Overall, Discover is priced for a big economic downturn. Whenever it comes, Discover stock will probably go down quite a bit, but it is already well-priced for most scenarios and may recover quite quickly. On the other hand, if a dovish Fed helps the economic cycle limp along longer than expected without a major contraction, Discover is undervalued for that scenario, and their large share buybacks are extremely lucrative when the stock is undervalued.
Investors do pay a bit of a premium for this one, but at this stage of the cycle that’s warranted in my opinion. When it comes to banks, which are inherently leveraged, I’d rather have a great company at a reasonable price than a reasonable company at a bargain price. And banks in general are more reasonably-priced than the broad S&P 500 (SPY) anyway. JPMorgan Chase has a P/E of a little over 10 and a P/B of a little under 1.5.
JPMorgan is one of the financial picks in my high-dividend model portfolio. I don’t expect it to have volatility quite as high as Discover, and it pays a yield of over 3%.
Overall, while I personally wouldn’t aggressively buy banks like Warren Buffett does due to their inherently leveraged nature, I think many of them are attractively-priced and the appeal makes sense. Buffett is doing what he always has done: buying stocks he thinks are mispriced relative to their long-term fundamentals.
In my opinion, Discover’s recent divergence between earnings and share price is a good entry point, but only for investors that can hold through stormy waters and are willing to double-down during periods of fear if it comes to that.
JPMorgan Chase on the other hand is way larger and more diversified, focuses on high-end banking activities (where the real wealth is), and is historically well-managed. I expect them to survive the down-cycle whenever it occurs, and come out the other side ready to keep growing.
I’ve been noticing a recent trend that sectors that fell the hardest during the previous cycle (especially financials and emerging markets) seem to be preparing for another big crash with low valuations while the rest of the market carries on with high valuations.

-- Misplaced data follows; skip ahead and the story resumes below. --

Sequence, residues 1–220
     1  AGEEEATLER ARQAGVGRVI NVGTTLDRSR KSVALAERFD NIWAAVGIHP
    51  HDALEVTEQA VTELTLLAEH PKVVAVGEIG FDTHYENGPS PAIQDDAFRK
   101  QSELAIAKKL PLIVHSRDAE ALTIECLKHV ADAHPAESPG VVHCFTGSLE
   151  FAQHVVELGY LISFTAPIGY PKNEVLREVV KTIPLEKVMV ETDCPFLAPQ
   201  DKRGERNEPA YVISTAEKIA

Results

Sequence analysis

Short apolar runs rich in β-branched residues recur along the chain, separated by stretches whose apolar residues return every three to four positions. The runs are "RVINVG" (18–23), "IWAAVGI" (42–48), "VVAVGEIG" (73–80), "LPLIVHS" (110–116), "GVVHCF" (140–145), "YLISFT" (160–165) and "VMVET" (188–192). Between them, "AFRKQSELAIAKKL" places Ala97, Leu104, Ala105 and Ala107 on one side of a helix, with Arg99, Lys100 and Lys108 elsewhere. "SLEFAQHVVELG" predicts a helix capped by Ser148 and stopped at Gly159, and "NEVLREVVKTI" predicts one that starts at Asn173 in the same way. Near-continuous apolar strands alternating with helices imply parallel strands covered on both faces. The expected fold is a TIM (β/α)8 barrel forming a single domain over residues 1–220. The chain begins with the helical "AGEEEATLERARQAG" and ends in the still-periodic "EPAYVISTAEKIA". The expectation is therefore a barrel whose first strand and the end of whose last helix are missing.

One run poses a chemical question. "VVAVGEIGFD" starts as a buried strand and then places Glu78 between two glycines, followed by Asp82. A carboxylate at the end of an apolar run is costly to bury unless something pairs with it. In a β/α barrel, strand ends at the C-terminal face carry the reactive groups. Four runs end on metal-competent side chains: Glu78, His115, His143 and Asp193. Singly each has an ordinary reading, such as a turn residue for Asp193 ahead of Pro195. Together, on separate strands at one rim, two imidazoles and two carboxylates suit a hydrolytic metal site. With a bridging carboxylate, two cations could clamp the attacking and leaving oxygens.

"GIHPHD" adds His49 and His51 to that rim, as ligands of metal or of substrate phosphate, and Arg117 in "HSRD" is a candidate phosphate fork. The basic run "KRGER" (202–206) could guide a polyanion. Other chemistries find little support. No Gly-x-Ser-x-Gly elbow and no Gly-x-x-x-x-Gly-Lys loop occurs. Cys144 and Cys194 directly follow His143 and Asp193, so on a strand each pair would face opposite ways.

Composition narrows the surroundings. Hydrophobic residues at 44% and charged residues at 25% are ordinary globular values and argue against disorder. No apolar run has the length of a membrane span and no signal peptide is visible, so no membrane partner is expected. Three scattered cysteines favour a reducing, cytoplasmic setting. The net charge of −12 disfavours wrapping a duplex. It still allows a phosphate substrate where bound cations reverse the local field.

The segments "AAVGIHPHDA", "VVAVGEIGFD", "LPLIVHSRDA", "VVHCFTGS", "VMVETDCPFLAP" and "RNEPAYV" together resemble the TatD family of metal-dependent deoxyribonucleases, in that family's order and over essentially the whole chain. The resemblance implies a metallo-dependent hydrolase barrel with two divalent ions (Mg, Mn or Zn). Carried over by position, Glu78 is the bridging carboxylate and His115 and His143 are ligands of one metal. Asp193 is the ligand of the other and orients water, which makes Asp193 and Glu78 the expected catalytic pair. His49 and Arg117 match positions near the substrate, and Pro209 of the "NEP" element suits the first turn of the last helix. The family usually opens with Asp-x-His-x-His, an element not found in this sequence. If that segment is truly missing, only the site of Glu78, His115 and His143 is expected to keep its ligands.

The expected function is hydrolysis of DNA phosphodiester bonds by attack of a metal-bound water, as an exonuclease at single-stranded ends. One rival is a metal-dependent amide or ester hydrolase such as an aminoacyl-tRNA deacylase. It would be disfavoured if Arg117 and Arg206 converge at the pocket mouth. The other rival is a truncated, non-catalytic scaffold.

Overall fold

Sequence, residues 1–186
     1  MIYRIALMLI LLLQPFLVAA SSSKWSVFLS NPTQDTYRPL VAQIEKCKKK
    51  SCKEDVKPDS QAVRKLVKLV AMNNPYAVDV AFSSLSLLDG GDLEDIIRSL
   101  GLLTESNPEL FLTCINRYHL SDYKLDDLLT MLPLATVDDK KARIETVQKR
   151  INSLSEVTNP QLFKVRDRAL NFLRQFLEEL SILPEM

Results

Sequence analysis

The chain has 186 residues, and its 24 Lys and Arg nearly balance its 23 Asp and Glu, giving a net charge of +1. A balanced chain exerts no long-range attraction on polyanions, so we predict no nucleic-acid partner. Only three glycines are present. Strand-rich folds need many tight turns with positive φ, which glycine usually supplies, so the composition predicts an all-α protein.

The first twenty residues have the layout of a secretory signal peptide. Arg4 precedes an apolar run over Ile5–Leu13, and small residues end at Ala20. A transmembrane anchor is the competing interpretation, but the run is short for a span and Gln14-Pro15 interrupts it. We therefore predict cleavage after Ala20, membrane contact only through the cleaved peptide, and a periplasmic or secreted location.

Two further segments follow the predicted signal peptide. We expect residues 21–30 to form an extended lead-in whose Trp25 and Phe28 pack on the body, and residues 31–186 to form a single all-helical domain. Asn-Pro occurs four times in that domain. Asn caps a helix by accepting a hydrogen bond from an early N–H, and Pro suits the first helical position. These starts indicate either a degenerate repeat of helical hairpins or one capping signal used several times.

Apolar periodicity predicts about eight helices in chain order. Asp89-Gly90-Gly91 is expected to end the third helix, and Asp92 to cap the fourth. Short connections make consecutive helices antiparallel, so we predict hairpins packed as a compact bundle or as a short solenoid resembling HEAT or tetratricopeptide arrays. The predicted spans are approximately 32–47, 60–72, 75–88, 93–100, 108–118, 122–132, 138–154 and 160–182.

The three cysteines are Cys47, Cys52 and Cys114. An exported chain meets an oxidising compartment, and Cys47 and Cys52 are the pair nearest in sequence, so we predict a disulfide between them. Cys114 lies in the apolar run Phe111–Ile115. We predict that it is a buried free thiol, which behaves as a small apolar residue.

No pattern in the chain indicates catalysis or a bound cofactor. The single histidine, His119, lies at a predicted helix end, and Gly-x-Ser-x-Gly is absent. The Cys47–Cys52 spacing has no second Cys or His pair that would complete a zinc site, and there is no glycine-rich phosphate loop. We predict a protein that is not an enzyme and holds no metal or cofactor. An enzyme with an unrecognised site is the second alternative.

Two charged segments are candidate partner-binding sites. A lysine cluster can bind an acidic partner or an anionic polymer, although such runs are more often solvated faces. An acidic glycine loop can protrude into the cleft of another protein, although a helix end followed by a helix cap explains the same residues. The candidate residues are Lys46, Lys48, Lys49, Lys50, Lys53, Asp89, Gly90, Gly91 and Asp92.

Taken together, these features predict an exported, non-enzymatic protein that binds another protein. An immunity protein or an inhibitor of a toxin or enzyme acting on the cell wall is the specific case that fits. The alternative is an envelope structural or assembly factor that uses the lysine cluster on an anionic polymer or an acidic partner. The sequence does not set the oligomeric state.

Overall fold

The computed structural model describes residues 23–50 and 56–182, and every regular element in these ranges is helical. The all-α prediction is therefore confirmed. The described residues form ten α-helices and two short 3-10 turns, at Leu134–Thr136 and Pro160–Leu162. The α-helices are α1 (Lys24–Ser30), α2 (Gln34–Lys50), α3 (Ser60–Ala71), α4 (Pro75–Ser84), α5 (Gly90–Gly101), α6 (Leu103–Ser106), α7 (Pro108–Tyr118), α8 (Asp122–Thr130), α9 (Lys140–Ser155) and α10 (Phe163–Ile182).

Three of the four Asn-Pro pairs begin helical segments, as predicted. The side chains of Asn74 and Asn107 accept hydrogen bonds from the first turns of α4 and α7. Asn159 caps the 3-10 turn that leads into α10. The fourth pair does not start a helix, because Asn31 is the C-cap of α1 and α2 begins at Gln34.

While those areas are indeed vulnerable and volatile, their valuations are a lot better this time probably because there are more recent memories about them and there are more critical eyes on them. But, as mentioned earlier, bubbles rarely pop from the same place twice in a row.
Right now, I’m concerned about popular companies with high valuations and high debt that don’t make a true cash profit like Tesla (TSLA) and Netflix (NFLX), historically defensive companies that have unusually high levels of leverage due to the prevalence of low interest rates, and certain foreign developed markets with housing bubbles.
I am not particularly concerned with historically cyclical areas like U.S. banks, semiconductors, and emerging markets that have already priced in significant downside risks.
In that sense, my portfolio currently has a quality/value tilt and a bit of a barbell approach with a willingness to hold higher-volatility sectors along with a cash/gold defensive base for re-balancing.
Disclosure:I am/we are long DFS, JPM, TRV.I wrote this article myself, and it expresses my own opinions. I am not receiving compensation for it (other than from Seeking Alpha). I have no business relationship with any company whose stock is mentioned in this article.